Anemia occurs when blood does not have enough red blood cells or when the blood does not have enough hemoglobin. Hemoglobin is the oxygen-carrying pigment found in red blood cells. Anemia can be life-threatening.
Although there are over 400 different forms of anemia, this health profile will only address the three most common: iron-deficiency anemia, vitamin B12 anemia and folic acid deficiency.
Anemias can also be caused by such conditions as external bleeding, chronic disease, pregnancy, alcoholism, bleeding disorders, infection and hereditary conditions.
Iron deficiency anemia
Iron deficiency anemia arises from too little iron in the body to make sufficient hemoglobin. There are three (3) causes of iron deficiency anemia:
1. Loss of iron at a greater rate than normal (blood loss). Blood loss is usually the result of slow, persistent bleeding from inside the body, such as gastritis, peptic ulcers, ulcerative colitis, inflammatory bowel disease, polyps, gastrointestinal tumors (such as stomach or colon cancer), heavy menstrual periods, kidney tumors, bladder tumors, cystitis, prostatitis, and hemorrhoids. Additionally, the frequent use of aspirin, ibuprofen or other non-steroid anti-inflammatory drugs, as well as chronic alcohol abuse, can also cause iron deficiency anemia.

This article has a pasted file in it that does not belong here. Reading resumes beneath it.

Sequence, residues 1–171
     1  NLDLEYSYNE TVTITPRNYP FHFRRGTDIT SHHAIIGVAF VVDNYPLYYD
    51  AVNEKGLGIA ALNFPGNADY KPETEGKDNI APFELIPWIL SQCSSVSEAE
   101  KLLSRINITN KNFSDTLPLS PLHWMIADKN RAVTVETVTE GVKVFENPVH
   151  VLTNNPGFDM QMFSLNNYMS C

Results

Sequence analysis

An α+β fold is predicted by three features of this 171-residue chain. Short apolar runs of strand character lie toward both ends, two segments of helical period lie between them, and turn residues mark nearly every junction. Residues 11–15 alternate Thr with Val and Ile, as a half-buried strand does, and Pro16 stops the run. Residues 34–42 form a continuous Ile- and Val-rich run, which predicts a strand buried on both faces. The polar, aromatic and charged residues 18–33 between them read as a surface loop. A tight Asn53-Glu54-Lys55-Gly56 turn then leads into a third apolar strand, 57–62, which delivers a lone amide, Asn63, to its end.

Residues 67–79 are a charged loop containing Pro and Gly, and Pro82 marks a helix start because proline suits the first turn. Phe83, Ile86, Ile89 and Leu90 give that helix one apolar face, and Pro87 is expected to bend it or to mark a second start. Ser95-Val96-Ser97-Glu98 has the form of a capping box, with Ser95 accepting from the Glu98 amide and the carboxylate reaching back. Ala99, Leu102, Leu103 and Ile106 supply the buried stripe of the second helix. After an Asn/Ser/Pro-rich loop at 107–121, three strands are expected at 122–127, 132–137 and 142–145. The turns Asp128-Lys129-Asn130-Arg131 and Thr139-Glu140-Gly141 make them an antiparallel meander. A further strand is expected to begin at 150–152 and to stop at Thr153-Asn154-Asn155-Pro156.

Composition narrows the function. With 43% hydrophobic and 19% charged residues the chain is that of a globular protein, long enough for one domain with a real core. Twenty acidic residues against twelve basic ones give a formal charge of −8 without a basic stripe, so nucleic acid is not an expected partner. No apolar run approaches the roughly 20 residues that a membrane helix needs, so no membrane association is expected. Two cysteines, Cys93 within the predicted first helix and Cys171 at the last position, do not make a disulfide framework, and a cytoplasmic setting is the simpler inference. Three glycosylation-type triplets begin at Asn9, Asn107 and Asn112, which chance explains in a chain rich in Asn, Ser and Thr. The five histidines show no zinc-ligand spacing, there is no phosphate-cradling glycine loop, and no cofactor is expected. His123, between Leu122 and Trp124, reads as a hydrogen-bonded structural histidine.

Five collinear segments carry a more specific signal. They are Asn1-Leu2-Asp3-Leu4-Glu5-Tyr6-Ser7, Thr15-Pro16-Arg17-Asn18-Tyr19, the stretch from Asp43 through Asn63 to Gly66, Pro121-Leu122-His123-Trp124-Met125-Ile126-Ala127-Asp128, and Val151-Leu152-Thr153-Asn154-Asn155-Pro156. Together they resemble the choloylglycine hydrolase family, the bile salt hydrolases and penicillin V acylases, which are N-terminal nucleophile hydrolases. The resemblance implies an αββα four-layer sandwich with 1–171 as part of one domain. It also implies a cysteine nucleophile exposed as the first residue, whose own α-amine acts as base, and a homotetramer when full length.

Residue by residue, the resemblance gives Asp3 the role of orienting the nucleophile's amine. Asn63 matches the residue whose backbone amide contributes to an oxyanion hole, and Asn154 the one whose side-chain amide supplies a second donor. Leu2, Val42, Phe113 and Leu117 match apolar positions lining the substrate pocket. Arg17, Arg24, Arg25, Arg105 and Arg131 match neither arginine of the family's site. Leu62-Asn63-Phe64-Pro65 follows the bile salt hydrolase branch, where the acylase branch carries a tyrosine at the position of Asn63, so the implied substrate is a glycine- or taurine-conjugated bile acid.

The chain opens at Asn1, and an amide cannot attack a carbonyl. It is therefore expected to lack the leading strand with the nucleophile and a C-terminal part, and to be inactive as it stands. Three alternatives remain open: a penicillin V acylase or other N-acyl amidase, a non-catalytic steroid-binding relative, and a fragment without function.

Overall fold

2. Poor absorption of iron from the diet. Poor absorption of iron from the diet is usually as a result of surgical removal of part or all of the stomach or celiac sprue (a condition in which the lining of the small intestine is damaged by a protein found in wheat or rye called gluten).
3. Eating a diet low in iron. This anemia can happen from not eating enough iron-rich foods, such as fruit, whole-grain bread, beans, lean meat and green vegetables.
Vitamin B12 anemia
Vitamin B12 anemia is the result of an impaired ability of the digestive tract to absorb the B12 that is a normal part of the diet. B12 is essential for the production of red blood cells, as well as the maintenance of the nervous system, and is found in food of animal origin such as meat, fish and dairy products. There are four (4) causes.